COVID-19 Causes Continued Existing-Home Sales Slide

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Existing-home sales fell in May, marking a three-month decline in sales as a result of the coronavirus outbreak, according to the National Association of Realtors.

Additionally, each of the four major regions witnessed dips in month-over-month and year-over-year sales, with the Northeast experiencing the greatest month-over-month drop.

Total existing-home sales (completed transactions that include single-family homes, townhomes, condominiums and co-ops) slumped 9.7% from April to a seasonally-adjusted annual rate of 3.91 million in May. Overall, sales fell year-over-year, down 26.6% from a year ago (5.33 million in May 2019).

“Sales completed in May reflect contract signings in March and April – during the strictest times of the pandemic lockdown and hence the cyclical low point,” says Lawrence Yun, NAR’s chief economist. “Home sales will surely rise in the upcoming months with the economy reopening, and could even surpass one-year-ago figures in the second half of the year.”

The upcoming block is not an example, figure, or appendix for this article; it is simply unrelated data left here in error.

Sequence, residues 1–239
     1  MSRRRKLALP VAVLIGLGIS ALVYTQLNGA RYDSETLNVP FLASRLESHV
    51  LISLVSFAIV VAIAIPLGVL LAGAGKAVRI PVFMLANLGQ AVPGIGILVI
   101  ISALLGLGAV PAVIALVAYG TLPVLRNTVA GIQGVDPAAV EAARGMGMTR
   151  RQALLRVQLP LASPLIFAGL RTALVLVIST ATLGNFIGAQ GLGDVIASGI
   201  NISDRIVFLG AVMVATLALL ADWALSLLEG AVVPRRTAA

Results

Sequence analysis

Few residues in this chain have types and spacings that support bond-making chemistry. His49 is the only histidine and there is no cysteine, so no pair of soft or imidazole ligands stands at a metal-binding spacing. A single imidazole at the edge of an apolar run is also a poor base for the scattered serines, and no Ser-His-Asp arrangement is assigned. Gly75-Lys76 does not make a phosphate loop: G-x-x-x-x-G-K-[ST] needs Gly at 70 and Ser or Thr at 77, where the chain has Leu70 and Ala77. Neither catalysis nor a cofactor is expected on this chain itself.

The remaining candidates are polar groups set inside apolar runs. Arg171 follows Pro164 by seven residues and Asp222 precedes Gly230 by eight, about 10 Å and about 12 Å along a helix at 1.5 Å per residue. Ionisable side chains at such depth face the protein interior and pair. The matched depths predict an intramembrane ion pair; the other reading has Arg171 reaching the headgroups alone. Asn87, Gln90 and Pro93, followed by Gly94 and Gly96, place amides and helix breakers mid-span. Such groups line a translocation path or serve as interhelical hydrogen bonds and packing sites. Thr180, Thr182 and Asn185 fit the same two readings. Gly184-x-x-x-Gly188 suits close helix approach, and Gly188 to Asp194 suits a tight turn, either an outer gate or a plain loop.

The median existing-home price for all housing types in May was $284,600, up 2.3% from May 2019 ($278,200), as prices increased in every region. May’s national price increase marks 99 straight months of year-over-year gains.

Total housing inventory at the end of May totaled 1.55 million units, up 6.2% from April, and down 18.8% from one year ago (1.91 million). Unsold inventory sits at a 4.8-month supply at the current sales pace, up from 4.0 months in April and up from the 4.3-month figure recorded in May 2019.

“New home construction needs to robustly ramp up in order to meet rising housing demand,” Yun says. “Otherwise, home prices will rise too fast and hinder first-time buyers, even at a time of record-low mortgage rates.”

Properties typically remained on the market for 26 days in May, seasonally down from 27 days in April, but equal to 26 days in May 2019. Fifty-eight percent of homes sold in May 2020 were on the market for less than a month.

First-time buyers were responsible for 34% of sales in May, down from 36% in April 2020 and up from 32% in May 2019. NAR’s 2019 Profile of Home Buyers and Sellers – released in late 20194 – revealed that the annual share of first-time buyers was 33%.

Individual investors or second-home buyers, who account for many cash sales, purchased 14% of homes in May, up from 10% in April 2020 and from 13% in May 2019. All-cash sales accounted for 17% of transactions in May, up from 15% in April 2020 and down from 19% in May 2019.

Distressed sales – foreclosures and short sales – represented 3% of sales in May, about even with April but up from 2% in May 2019.

For more from NAR’s latest analysis, click here.

Photo: Lawrence Yun

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